When deciding whether or not to go forward with this series, I relied heavily on those already in the scouting world for advice. Scouting players is a very difficult challenge, and despite my egotistical belief in my own ability, I'm not foolish enough to think my analysis is on par with that of a professional scout.
However, I have been able to see most of the players in the Rangers' system, and I have had the opportunity to discuss the abilities of those players with people in the business of talent evaluation. It is from those discussions and from my own observations that these scouting reports were crafted. Scouting isn't an exact science, and I'm sure there will be differing opinions on the grades, but I'm confident that all of the analysis presented here will be completely objective and accurate to the best of my ability.
Former Baseball HQ prospect writer and current member of the St. Louis Cardinals scouting department, Deric McKamey, on how players are graded by scouts:
Scouts grade players based on a 20-to-80 (or 2-8) scale, with 80 representing the highest achievable grade. The grade of 50 is considered major league average. Position players are graded in five categories (hitting, power, speed, throwing, and fielding), which are typically referred to as the "five tools." Players will also receive grades for base running, arm accuracy, baseball instinct, and aggressiveness, though they do not account as much for the final grade.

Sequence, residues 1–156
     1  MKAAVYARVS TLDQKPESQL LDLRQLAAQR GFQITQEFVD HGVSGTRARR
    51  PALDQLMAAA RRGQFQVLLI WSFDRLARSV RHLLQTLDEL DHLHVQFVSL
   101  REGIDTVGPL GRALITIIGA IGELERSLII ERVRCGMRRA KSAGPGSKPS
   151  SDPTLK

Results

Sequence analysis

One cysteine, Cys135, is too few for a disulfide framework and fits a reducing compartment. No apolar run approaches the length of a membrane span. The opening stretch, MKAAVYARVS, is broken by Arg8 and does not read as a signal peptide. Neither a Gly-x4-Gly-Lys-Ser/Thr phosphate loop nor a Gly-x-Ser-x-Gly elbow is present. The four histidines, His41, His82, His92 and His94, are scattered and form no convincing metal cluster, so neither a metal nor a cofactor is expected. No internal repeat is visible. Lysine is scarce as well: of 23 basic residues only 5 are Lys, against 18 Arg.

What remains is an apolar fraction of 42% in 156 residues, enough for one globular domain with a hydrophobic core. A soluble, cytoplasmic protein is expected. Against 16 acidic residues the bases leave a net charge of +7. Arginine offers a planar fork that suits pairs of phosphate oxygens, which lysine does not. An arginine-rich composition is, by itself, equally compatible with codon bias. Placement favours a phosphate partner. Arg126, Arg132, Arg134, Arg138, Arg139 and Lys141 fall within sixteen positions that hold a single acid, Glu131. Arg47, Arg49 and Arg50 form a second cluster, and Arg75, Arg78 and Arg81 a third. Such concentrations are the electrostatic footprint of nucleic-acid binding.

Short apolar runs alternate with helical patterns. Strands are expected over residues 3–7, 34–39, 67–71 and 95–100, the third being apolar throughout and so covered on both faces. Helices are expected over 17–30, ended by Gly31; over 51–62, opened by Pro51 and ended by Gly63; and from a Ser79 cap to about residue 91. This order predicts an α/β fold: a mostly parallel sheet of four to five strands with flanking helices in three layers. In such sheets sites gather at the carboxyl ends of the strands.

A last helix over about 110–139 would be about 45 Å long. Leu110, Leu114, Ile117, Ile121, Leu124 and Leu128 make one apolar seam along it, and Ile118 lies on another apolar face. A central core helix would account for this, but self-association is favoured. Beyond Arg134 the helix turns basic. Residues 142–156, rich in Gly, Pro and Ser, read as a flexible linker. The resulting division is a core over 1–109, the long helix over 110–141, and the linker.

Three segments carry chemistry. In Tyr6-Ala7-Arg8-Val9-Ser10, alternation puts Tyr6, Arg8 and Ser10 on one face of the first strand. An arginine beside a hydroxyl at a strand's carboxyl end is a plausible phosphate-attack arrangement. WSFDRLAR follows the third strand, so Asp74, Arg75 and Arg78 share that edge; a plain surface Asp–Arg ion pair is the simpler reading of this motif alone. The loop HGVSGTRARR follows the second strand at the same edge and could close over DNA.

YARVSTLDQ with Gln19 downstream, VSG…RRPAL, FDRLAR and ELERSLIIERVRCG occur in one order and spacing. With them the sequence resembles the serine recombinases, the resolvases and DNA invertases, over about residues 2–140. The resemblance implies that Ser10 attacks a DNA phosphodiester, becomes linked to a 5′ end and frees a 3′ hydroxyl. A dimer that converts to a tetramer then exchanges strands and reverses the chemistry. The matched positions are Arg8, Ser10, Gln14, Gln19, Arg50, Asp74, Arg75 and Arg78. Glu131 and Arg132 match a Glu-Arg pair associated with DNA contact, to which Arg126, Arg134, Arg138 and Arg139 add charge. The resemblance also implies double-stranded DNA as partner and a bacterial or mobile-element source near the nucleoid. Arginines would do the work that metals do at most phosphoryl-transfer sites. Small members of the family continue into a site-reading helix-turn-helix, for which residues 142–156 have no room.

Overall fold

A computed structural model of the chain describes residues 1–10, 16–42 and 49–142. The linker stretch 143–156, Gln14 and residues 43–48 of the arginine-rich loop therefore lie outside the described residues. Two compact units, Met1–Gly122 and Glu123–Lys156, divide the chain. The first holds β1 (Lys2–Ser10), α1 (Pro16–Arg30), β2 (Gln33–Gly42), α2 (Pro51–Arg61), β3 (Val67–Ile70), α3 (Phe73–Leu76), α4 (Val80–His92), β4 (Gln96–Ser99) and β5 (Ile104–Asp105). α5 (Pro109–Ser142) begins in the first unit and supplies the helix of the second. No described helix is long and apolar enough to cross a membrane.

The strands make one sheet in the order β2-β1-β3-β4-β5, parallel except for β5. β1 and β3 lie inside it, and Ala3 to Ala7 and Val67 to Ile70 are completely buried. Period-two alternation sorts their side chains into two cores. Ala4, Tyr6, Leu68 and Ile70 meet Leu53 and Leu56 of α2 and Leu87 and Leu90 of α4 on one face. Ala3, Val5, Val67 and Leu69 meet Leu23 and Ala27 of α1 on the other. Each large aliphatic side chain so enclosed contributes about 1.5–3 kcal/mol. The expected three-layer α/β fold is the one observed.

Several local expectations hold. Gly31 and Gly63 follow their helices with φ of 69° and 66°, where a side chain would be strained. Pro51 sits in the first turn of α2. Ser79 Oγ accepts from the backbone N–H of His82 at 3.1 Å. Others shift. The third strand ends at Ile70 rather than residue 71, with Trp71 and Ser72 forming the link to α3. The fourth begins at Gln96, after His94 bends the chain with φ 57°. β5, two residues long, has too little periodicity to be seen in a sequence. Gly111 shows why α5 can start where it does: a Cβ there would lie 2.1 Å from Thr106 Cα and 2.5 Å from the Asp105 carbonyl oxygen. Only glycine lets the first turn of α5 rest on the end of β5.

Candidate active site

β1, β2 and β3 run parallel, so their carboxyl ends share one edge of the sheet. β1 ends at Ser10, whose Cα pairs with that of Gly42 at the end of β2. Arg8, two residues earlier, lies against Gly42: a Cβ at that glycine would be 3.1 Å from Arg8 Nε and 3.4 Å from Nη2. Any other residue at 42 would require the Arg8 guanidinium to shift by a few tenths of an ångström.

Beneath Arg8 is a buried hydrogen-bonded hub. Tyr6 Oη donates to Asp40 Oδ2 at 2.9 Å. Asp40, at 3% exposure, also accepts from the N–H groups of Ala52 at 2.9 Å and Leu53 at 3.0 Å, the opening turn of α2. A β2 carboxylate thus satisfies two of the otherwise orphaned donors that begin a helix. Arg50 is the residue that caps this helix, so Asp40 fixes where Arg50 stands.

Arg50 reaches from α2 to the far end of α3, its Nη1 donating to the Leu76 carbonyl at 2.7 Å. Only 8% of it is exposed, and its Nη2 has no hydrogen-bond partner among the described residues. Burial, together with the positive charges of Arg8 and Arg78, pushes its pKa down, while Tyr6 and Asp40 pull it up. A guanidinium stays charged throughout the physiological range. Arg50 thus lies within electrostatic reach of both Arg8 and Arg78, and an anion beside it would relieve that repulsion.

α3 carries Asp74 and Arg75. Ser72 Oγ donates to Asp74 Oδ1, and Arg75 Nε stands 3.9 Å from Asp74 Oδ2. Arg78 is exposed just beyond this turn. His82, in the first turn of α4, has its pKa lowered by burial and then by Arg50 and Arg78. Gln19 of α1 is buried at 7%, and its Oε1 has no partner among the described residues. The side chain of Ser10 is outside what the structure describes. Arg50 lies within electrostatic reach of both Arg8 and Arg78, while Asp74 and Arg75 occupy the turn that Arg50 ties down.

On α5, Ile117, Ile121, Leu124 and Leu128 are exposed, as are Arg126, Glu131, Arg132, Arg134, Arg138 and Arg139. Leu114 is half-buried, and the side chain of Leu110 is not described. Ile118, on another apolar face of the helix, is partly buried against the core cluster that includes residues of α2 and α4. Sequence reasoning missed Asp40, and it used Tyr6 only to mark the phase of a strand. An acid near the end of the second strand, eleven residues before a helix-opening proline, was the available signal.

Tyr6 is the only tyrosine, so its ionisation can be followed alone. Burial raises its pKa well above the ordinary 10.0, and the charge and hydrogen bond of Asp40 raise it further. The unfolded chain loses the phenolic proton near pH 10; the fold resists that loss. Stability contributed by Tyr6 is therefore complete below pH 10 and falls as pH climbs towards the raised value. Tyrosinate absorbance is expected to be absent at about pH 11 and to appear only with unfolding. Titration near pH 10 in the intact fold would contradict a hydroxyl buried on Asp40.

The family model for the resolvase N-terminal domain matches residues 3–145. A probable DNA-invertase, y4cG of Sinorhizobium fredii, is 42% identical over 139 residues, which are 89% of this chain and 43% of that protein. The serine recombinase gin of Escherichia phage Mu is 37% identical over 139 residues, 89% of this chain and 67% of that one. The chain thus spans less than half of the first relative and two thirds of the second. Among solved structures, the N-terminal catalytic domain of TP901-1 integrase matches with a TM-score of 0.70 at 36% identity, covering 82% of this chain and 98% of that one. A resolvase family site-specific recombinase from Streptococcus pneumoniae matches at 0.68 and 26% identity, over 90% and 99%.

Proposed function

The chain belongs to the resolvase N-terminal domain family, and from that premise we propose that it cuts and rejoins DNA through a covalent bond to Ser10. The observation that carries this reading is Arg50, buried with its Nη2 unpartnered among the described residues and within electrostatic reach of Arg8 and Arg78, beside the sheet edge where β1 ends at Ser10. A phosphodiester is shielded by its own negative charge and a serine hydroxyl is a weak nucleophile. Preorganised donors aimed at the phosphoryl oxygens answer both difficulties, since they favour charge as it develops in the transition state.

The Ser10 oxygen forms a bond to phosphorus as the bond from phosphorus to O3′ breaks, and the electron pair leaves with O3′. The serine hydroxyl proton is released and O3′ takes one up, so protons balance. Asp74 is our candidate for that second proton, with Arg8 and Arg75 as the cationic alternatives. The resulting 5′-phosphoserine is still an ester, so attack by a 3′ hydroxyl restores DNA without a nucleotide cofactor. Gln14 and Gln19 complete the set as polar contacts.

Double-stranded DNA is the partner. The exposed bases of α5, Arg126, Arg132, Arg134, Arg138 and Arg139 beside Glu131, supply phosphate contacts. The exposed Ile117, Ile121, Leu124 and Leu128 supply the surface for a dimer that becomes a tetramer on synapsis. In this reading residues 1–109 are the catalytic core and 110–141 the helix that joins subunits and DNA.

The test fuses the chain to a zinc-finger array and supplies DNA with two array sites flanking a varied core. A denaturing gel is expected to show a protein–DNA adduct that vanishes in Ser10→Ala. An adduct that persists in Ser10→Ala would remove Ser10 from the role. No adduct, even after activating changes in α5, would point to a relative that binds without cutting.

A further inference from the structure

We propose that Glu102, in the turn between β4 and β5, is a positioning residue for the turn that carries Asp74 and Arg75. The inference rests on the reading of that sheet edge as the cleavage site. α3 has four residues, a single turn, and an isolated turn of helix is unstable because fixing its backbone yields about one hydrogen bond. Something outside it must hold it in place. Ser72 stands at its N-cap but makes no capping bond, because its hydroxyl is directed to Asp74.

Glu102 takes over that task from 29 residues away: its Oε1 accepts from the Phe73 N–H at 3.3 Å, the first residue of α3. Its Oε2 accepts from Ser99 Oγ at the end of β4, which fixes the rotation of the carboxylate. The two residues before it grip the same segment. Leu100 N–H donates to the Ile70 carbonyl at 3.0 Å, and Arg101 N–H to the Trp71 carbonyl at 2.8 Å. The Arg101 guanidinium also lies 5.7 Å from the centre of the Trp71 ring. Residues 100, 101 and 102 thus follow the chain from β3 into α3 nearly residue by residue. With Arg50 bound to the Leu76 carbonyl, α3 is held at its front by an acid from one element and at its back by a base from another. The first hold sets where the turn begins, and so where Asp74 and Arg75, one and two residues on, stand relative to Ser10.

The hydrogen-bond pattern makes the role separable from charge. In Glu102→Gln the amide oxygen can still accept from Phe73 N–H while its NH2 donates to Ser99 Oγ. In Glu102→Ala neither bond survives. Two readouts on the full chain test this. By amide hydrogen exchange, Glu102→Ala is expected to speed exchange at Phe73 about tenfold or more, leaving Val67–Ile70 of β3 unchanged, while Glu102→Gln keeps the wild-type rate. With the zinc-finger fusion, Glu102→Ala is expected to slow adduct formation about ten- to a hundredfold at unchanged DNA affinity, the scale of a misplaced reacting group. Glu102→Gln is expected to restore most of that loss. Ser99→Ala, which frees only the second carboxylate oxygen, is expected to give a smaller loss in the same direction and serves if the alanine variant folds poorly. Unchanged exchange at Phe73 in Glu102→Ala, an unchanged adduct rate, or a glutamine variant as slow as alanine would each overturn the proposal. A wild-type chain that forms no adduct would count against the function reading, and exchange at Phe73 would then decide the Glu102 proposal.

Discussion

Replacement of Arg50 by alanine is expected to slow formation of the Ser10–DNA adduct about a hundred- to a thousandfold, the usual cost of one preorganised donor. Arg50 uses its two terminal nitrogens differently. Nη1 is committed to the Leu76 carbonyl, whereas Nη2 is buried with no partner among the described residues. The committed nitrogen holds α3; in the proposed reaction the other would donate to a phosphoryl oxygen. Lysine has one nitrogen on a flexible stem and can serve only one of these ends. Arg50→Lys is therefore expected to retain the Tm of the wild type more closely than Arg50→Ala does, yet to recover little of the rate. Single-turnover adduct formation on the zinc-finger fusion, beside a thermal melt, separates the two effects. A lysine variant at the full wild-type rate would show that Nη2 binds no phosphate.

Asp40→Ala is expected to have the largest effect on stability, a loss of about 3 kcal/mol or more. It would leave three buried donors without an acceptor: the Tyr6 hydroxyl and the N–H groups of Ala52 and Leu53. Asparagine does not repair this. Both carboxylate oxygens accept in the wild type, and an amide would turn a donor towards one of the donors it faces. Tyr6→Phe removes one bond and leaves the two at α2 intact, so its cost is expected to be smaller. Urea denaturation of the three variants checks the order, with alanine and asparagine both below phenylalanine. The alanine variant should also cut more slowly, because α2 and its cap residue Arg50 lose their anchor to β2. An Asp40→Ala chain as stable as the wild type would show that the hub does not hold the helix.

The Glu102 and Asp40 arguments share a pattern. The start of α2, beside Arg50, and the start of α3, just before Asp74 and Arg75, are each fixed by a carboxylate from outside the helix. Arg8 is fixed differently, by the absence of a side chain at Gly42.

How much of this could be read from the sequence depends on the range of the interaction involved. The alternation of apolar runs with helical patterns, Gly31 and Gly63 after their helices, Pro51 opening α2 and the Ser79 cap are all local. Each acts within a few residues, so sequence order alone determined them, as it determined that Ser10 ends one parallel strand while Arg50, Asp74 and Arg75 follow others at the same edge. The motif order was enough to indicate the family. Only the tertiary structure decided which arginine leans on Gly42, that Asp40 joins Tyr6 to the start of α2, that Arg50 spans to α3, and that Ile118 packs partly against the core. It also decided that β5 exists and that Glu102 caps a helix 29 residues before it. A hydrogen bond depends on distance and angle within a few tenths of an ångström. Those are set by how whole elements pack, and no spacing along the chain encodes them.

An amateur player or minor league player will receive two grades for each tool: a present grade and a future grade, based on how they are expected to perform in the majors. Future grades are added and then divided by the number of grades to determine their Overall Future Potential (OFP). A scout can then adjust a player’s OFP by 10 points based on the lesser categories and their gut instinct.
Marcus Lemon's Grades:
Conclusion: Lemon is a very solid player, but doesn't possess any plus tools. His greatest attributes are his off-the-chart make-up and his above-average plate discipline, but I don't think his pitch recognition is advanced enough to maintain his '08 contact rates at the higher levels, and he doesn't have much lift to his swing, limiting his power potential. Lemon has a bit of a batboy body and doesn't look to have the ability to add additional bulk to his frame. At this point, he looks to be a slasher type in the making, but still has a chance to hit 10 home runs at the major league level.
Lemon is the poster child for the scouting vs. stats evaluation argument. On paper, he looks to be a better offensive threat than he actually is. While Lemon grades out to have the ceiling of a major league regular, he has very little chance of becoming a regular with the Texas Rangers. His glove will play better at second base (Lemon was impressive at second base during the Fall Instructional League), but his offensive ceiling is probably a bit underwhelming for a starting second baseman in the American League.
Lemon's defensive versatility, slightly above-average speed, and ability to put the ball in play are skills that should make him a very valuable utility player at the major league level. If he reaches his offensive ceiling, he could be a starter.